Vitamins and Minerals Essential for Athletes

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Vitamins and Minerals Essential for Athletes

Essential nutrients, vitamins and minerals contribute to our overall well-being. However, due to their high activity levels, athletes need more nutrients than less-active or sedentary people. To build an athletic body and keep their energy levels high to beat fatigue and ensure the best performance, athletes need to follow a balanced diet that includes specific vitamins and minerals. These essential nutrients are crucial for a variety of activities in the body such as turning food into energy and keeping bones healthy.

According to the Academy of Nutrition and Dietetics, while some research suggests high activity levels in athletes may increase their vitamin needs, there are no official guidelines for vitamin recommendations specific to athletes at this time. For instance, as athletes lose more electrolytes such as magnesium, potassium and sodium through sweating, they would need more of them. Similarly, they would experience wear and tear due to intense activity which may increase the need for antioxidants such as vitamin E that to protect the muscle cells from oxidative damage. A deficiency of these nutrients can likely will take a toll on an athlete’r performance.

Here are the top seven nutrients essential for athletes:

  1. Vitamin D: Athletic activity puts a lot of pressure on the bones and joints. Vitamin D is essential for building and maintaining healthy bones. While sunlight is the best natural source of Vitamin D, there are foods rich in Vitamin D like egg yolks, tuna, salmon, soy milk, cheese and so on. If your body isn’t getting enough of Vit D, discuss taking vitamin D supplements with your doctor.
  2. Omega 3: Omega-3 fatty acids allow the maximal amount of oxygen-rich blood to reach your working muscles (health.clevelandclinic.org). However, as these essential fats is not produced by our bodies, we must obtain them through diet. The best food sources of omega-3 fatty acids are fish (mackerel, salmon, herring and so on), chia seeds, flaxseed, and also dietary supplements such as fish oil.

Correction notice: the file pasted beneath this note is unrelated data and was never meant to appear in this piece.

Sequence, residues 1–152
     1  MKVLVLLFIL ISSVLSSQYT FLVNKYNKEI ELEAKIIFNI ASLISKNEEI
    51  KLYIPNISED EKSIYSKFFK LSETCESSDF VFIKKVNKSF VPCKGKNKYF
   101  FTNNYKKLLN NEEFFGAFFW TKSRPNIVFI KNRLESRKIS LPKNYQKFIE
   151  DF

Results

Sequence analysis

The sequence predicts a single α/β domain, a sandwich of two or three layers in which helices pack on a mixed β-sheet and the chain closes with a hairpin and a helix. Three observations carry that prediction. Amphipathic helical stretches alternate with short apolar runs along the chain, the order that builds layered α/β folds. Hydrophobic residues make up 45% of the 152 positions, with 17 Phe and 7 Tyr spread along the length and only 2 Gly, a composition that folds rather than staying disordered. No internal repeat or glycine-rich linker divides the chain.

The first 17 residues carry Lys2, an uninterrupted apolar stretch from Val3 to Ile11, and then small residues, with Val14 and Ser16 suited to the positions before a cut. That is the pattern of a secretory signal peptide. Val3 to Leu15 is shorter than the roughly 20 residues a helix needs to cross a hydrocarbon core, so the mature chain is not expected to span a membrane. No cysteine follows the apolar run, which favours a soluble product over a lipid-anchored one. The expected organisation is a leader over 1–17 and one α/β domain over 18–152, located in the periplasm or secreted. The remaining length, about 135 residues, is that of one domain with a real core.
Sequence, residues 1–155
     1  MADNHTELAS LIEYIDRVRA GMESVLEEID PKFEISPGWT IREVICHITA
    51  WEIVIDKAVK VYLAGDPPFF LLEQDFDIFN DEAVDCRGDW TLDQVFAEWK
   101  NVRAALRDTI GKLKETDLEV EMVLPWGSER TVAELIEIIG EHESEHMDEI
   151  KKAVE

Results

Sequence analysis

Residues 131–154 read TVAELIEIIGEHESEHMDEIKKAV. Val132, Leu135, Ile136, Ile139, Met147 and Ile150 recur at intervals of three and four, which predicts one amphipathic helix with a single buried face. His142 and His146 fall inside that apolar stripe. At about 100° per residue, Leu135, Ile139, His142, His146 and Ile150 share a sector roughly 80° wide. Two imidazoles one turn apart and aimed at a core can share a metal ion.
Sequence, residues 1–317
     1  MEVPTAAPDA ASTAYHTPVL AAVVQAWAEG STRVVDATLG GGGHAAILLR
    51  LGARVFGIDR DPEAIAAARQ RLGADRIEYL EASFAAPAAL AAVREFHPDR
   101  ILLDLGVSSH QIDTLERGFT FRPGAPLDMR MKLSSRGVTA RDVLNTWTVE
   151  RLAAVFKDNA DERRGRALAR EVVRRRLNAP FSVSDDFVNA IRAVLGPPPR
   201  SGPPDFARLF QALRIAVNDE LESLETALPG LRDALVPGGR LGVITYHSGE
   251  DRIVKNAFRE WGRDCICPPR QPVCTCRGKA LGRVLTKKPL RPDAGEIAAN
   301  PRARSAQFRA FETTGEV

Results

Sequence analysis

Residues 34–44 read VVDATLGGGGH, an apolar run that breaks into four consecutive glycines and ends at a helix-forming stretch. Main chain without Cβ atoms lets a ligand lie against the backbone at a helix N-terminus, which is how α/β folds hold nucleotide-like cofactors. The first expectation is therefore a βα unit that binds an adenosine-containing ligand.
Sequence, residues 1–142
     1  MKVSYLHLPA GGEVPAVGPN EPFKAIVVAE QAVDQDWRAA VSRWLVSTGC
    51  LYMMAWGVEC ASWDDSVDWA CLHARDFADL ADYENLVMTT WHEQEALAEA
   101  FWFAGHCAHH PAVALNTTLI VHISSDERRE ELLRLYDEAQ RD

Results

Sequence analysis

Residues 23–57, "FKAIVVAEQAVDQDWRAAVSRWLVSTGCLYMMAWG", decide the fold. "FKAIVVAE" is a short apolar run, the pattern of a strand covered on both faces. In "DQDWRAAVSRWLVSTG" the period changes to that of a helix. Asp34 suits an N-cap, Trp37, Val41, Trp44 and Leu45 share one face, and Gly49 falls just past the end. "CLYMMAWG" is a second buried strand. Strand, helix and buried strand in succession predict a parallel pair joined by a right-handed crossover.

3. Magnesium: This major mineral controls neuromuscular, cardiovascular, immune, and hormonal functioning. If you lack magnesium, it can lead to muscle weakness and fatigue, injury and eveb affect your mental well-being. To get the magnesium you need, eat bananas, figs, avocado and raspberries, nuts and seeds, legumes, seafood and vegetables like peas, broccoli, brussels, sprouts, and green leafy vegetables.
  4. Vitamin E: Though Vitamin E has no role in improving overall athletic performance, it is an important antioxidant to prevent oxidative cellular damage. Vitamin E helps promote a healthy immune system, thereby reducing the risk of picking up viruses from public spaces. It increases your anaerobic threshold and eases muscle cramps. Good dietary sources of vitamin E include nuts, such as almonds, peanuts and hazelnuts, and vegetable oils, such as sunflower, wheat germ, safflower, corn and soybean oils.
  5. Vitamin C: This immune-boosting vitamin is essential for athletes training outdoors as it prevents airborne viruses and common colds. Food sources of Vit C include citrus fruits and strawberries, and vegetables like broccoli, cauliflower, and capsicum among others.
  6. Potassium: An important electrolyte, potassium is an important mineral in your blood, urine, and bodily fluids. It contains an electric charge which helps your cells communicate with each other and gives you the ability to taste, see, smell, touch, and hear. Nearly 70% of the potassium in your body is found in bodily fluids like plasma, blood, and sweat, while the rest is stored in your bones. Sweating heavily during intense exercise can lead to loss of potassium. Low potassium levels can cause muscle cramping and cardiovascular issues along with reducing your energy and endurance. Consume potassium-rich foods such as bananas, citrus fruits, melons, leafy greens, broccoli, fish, meats, milk, sweet potatoes, legumes (lime, kidney beans) each day.
  7. Iron: One of the major functions of iron is to carry oxygen to the cells in your body, which makes it essential for athletic performance. However, exercise may cause some iron loss or decreased absorption. In fact, iron deficiency is a common problem for athletes and runners, especially in female athletes, endurance athletes and vegetarian athletes Not having enough iron in the body will cause fatigue and impact physical performance. The need for iron may be 30% greater in those who engage in regular intense exercise. Good food sources of iron include clams, turkey breast, fortified breakfast cereals, beef, beans, spinach, and oats.

Make sure that you include these best vitamins and minerals in your diet or as supplements. Along with them include vitamin A, B vitamins, thiamin, niacin, creatine, zinc, sodium and selenium too. A registered dietitian or nutritionist who is specialized in sports nutrition can provide you with an individualized nutrition plan that meets your vitamin and mineral needs.